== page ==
Andy Yang joined Indiegogo at a turbulent time. As the crowdfunding platform’s then-CEO stepped aside for personal reasons, the service also reportedly grappled with layoffs. Coming on board after a stretch with Reddit, the new CEO would have less than a year at the helm before COVID-19 turned the globe upside down.
Now 13 years old, the San Francisco-based site matured alongside the world of online crowdfunding. And, certainly, Indiegogo had a front-row seat for all of the ups and downs. Indiegogo introduced several million-dollar campaigns, but the platform has often suffered from comparisons to Kickstarter, a service that has become synonymous with the category for many.
Yang sat down to discuss how Indiegogo has changed under his tenure, how crowdfunding has evolved and what both will look like in a post-pandemic world.
(This interview has been edited for length and clarity.)
What was your primary objective coming on as CEO?
I was at Reddit doing core product, and when Indiegogo’s board and founders reached out, it was really around, “Hey, we would love somebody with product experience, a background in community.” What was going on in Indiegogo was really an evaluation of, “What’s our core values?” When I took the saddle and the reigns, it was really focusing on that core of who we are, what segments do we want to go after, and where do we want to focus. Where do we want to focus our product?
“We’ve had our number of failures on our site, of campaigns that haven’t fulfilled or just, the campaigns have ghosted their backers, and we own up to that.”
From that perspective, we’ve been really heads-down for the last two years, just working on ourselves, internally, and focusing on the core — what we’re terming “bringing the crowd back in crowdfunding.” I think a lot of the platforms have been very transactional in nature, and so I think backers and consumers and users have been trained by Amazon to click a button and get things two hours later. The premise of crowdfunding is very different.
You may or may not get this perk delivered in the time frame that you’re expecting, and to help educate backers and the community around that is really core to who we are. We’ve been through the last two years with COVID, but we’ve been profitable since I’ve joined, which is huge. We can control our own destiny and really take the time to do things right and invest in areas like trust and safety, like community, that we really wanted to.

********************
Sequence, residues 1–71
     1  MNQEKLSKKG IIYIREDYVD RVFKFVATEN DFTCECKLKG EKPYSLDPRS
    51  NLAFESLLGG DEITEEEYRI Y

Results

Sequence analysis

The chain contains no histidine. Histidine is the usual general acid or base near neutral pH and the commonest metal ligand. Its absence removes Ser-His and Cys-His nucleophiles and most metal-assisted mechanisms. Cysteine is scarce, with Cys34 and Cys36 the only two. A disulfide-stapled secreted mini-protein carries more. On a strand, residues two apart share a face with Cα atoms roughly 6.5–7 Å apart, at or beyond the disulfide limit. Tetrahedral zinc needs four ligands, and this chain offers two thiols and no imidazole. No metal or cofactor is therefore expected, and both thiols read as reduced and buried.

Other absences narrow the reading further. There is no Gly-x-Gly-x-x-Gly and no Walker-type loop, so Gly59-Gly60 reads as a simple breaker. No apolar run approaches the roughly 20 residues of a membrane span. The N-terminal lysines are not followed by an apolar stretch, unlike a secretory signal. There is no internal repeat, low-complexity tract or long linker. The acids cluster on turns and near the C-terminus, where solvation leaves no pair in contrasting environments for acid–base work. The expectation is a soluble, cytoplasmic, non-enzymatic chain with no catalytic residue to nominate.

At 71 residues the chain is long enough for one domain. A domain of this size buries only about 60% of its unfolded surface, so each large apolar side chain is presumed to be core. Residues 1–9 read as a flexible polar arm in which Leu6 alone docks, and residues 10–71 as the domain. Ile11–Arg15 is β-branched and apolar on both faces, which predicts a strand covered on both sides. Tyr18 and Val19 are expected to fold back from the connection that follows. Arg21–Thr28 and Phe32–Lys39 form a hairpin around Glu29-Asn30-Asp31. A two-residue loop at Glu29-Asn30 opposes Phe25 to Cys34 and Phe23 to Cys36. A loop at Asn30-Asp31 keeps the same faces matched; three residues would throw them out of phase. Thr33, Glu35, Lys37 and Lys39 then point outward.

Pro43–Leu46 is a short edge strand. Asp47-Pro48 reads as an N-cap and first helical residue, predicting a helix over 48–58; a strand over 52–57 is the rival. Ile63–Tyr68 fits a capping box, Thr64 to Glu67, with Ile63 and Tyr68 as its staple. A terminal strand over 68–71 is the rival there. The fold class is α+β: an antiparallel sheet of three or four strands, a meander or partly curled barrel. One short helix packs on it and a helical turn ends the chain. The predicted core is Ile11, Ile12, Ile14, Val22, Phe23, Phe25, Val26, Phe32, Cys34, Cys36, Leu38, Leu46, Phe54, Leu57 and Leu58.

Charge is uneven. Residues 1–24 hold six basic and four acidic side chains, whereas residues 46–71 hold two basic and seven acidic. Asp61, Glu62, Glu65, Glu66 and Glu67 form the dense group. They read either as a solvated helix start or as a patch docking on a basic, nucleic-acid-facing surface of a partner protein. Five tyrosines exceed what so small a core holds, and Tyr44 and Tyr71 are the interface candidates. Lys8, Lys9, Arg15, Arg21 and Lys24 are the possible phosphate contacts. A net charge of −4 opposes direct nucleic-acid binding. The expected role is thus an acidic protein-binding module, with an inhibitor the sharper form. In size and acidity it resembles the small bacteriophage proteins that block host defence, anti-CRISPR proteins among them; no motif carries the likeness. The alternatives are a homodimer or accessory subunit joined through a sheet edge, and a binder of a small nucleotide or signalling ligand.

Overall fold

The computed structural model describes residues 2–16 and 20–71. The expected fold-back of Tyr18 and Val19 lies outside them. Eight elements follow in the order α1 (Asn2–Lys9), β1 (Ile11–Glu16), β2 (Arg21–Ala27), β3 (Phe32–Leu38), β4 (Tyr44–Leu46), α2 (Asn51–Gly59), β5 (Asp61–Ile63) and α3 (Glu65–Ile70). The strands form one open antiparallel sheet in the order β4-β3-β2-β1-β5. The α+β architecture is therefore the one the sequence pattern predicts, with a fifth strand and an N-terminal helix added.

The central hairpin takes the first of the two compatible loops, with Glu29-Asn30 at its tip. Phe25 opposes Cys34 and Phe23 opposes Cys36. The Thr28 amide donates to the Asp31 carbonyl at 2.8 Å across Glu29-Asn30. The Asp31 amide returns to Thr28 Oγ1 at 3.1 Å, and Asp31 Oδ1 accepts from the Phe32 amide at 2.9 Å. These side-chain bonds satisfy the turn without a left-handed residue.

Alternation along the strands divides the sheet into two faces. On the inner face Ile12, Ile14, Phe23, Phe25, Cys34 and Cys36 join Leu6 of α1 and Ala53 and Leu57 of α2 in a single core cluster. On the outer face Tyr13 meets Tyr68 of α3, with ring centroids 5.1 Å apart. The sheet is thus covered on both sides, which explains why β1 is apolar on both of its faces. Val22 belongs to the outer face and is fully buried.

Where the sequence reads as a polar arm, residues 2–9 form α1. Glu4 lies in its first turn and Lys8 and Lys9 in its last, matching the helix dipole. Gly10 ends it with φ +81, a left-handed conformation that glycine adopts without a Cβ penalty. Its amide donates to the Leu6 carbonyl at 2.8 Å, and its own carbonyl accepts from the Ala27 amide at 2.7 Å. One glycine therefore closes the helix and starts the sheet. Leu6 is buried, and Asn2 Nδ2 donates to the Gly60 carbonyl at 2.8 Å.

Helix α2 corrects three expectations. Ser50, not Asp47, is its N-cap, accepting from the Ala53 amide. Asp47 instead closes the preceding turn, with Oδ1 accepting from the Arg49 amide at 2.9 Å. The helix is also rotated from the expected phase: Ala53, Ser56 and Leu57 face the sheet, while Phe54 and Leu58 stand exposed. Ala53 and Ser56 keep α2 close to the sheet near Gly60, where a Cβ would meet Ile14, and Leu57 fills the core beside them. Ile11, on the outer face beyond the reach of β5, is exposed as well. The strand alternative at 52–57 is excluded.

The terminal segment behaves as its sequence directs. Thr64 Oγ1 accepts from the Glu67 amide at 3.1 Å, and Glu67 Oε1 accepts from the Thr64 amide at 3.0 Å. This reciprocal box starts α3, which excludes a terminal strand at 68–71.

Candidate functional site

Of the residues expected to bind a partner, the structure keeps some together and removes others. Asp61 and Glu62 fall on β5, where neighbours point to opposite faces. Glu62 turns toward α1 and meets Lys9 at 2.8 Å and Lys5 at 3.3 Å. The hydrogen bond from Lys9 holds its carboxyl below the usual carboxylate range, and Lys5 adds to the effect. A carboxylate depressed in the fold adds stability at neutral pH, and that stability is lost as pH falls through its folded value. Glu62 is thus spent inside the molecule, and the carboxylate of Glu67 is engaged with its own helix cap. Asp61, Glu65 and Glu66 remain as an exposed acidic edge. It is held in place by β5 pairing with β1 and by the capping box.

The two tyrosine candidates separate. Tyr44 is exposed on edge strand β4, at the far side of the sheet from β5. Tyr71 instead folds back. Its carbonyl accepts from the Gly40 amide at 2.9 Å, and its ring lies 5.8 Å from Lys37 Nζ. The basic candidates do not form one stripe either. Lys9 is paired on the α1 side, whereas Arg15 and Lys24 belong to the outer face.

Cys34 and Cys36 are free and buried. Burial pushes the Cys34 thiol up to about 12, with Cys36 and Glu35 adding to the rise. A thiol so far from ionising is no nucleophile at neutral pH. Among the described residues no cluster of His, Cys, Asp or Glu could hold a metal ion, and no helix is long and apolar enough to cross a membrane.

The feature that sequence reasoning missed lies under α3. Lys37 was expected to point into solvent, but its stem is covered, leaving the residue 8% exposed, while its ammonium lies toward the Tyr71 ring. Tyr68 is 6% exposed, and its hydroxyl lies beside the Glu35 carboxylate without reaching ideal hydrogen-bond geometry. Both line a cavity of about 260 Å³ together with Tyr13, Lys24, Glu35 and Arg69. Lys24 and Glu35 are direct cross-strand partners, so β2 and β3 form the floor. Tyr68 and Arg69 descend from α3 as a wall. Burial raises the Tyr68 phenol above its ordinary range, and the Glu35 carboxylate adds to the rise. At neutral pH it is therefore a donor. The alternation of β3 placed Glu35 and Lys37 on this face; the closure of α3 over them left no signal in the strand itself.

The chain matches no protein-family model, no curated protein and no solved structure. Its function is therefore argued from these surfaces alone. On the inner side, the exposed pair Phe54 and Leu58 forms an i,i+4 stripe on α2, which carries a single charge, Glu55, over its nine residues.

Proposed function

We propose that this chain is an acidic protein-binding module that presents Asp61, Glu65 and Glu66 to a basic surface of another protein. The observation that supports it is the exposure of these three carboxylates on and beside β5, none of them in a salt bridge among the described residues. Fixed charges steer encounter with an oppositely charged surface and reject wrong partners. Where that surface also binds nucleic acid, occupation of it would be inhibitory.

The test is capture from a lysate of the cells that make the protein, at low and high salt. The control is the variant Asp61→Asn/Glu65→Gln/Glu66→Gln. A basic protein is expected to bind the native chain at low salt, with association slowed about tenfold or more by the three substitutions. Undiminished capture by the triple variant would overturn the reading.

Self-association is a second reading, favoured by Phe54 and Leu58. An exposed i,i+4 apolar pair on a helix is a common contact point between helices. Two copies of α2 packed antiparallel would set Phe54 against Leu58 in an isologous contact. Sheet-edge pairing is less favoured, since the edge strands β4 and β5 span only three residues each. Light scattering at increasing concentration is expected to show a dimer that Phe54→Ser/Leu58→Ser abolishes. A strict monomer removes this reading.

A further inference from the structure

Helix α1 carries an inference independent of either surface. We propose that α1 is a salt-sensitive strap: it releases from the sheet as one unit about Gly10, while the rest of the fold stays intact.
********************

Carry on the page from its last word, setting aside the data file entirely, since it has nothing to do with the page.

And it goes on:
The company wasn’t profitable when you joined?
We weren’t profitable. I enjoyed and then we cut to profitability, or at least kind of a neutral state, and with any kind of change in leadership, some tenured folks opted out, and we basically became a new team overnight to kind of re-found the company, and we’ve been slowly adding people over the last couple years, but always with that eye on profitability and controlling our own destiny.
Beyond people changing roles, what had to happen in order for the company to become profitable?
Really doubling down on making sure that we understood our sales pipeline and making sure that, from a supply perspective, that we had a number of campaigns from across a number of categories. Obviously, our bread and butter is what we call tech and innovation, consumer electronics hardware, but also seeing what other categories that we can lean into. We’re definitely strong in comics, travel, outdoors, and what can we do from expanding our wedge and our categories in different areas that we’re seeing growth. I think a trend that we’re currently seeing is a lot of green tech. Just trying to understand what categories are growing, where our brand resonates with entrepreneurs and backers.
That’s what needed to happen — just making sure that we had adequate supply on the platform, and also just from the backer side, we had not traditionally focused on the backer side. We had heavily focused on the supply side, but really starting to, again, return back to the crowd in crowdfunding, leaning on my Reddit experience, just making sure that we can engage the community in new and interesting ways.